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AI Blindspot

AI Blindspot is a dis­cov­ery process for spot­ting uncon­scious bias­es and struc­tur­al inequal­i­ties in AI sys­tems.

What We Really Mean When We Say Ethics”

The Markkula Center for Applied Ethics at Santa Clara University has some real­ly use­ful think­ing and cur­ric­u­la around ethics. One of the things they point out is that what ethics is not is eas­i­er to talk about than what ethics actu­al­ly is. And some of the things that they say about what ethics is not include feel­ings. Those aren’t ethics. And reli­gion isn’t ethics. Also law. That’s not ethics. Science isn’t ethics.

Public Accountability in Research Ethics

Experimentation is so com­mon­place on the Internet now that if you use a plat­form like Facebook you’re prob­a­bly part of many exper­i­ments all the time.

Virtual Futures Salon: Fucking Machines

We are here to talk about fuck­ing machines. In London, on a fog­gy evening, on a Tuesday, for yet anoth­er debate about fuck­ing machines. Another curat­ed dis­cus­sion under­lined by our own human inse­cu­ri­ty about ver­sions of us in sil­i­ca. Fucking anthro­po­mor­phic fuck­ing machines. Machines that fuck us. And let’s face it, machines are already fuck­ing us, or so we seem to be told.

Ethical Machines episode 1: Mark Riedl

Computers can tell sto­ries but they’re always sto­ries that humans have input into a com­put­er, which are then just being regur­gi­tat­ed. But they don’t make sto­ries up on their own. They don’t real­ly under­stand the sto­ries that we tell. They’re not kind of aware of the cul­tur­al impor­tance of sto­ries. They can’t watch the same movies or read the same books we do. And this seems like this huge miss­ing gap between what com­put­ers can do and humans can do if you think about how impor­tant sto­ry­telling is to the human con­di­tion.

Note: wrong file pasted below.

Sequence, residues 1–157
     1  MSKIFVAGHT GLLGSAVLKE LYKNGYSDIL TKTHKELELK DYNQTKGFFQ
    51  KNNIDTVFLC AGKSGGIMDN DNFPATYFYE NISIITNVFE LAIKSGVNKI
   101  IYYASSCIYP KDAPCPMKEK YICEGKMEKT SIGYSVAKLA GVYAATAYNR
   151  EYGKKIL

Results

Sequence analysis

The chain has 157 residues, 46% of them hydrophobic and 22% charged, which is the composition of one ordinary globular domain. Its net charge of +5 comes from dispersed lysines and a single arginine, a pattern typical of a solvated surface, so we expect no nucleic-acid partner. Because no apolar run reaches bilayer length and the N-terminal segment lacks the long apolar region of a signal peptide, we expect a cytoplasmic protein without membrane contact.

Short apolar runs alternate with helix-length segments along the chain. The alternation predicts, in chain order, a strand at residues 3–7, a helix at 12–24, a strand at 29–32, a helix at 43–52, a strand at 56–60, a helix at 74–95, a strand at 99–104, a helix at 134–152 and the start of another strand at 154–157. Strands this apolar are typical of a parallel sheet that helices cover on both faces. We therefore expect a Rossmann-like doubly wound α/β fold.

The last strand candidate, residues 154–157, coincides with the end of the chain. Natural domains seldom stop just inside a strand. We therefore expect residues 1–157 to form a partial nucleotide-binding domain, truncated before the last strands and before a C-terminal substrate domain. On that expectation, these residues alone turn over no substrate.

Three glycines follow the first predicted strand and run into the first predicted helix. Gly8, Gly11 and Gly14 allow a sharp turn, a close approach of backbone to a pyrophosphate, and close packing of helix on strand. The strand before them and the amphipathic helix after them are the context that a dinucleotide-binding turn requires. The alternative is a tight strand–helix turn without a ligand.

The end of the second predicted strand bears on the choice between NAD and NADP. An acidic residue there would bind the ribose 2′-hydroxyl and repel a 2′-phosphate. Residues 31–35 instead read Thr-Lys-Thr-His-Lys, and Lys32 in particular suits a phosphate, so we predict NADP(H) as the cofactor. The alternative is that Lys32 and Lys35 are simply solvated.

Are We Living Inside an Ethical (and Kind) Machine?

This is a moment to ask as we make the plan­et dig­i­tal, as we total­ly envel­op our­selves in the com­put­ing envi­ron­ment that we’ve been build­ing for the last hun­dred years, what kind of dig­i­tal plan­et do we want? Because we are at a point where there is no turn­ing back, and get­ting to eth­i­cal deci­sions, val­ues deci­sions, deci­sions about democ­ra­cy, is not some­thing we have talked about enough nor in a way that has had impact.

The Spawn of Frankenstein: Unintended Consequences

Victor’s sin was­n’t in being too ambi­tious, not nec­es­sar­i­ly in play­ing God. It was in fail­ing to care for the being he cre­at­ed, fail­ing to take respon­si­bil­i­ty and to pro­vide the crea­ture what it need­ed to thrive, to reach its poten­tial, to be a pos­i­tive devel­op­ment for soci­ety instead of a dis­as­ter.

The Spawn of Frankenstein: It’s Alive

Mary Shelley’s nov­el has been an incred­i­bly suc­cess­ful mod­ern myth. And so this con­ver­sa­tion today is not just about what hap­pened 200 years ago, but the remark­able ways in which that moment and that set of ideas has con­tin­ued to per­co­late and evolve and reform in cul­ture, in tech­no­log­i­cal research, in ethics, since then.

The Spawn of Frankenstein: Playing God

In Shelley’s vision, Frankenstein was the mod­ern Prometheus. The hip, up to date, learned, vital god who chose to cre­ate human life and paid the dire con­se­quences. To Shelley, gods cre­ate and for humans to do that is bad. Bad for oth­ers but espe­cial­ly bad for one’s cre­ator.

Sleepwalking into Surveillant Capitalism, Sliding into Authoritarianism

We have increas­ing­ly smart, sur­veil­lant per­sua­sion archi­tec­tures. Architectures aimed at per­suad­ing us to do some­thing. At the moment it’s click­ing on an ad. And that seems like a waste. We’re just click­ing on an ad. You know. It’s kind of a waste of our ener­gy. But increas­ing­ly it is going to be per­suad­ing us to sup­port some­thing, to think of some­thing, to imag­ine some­thing.

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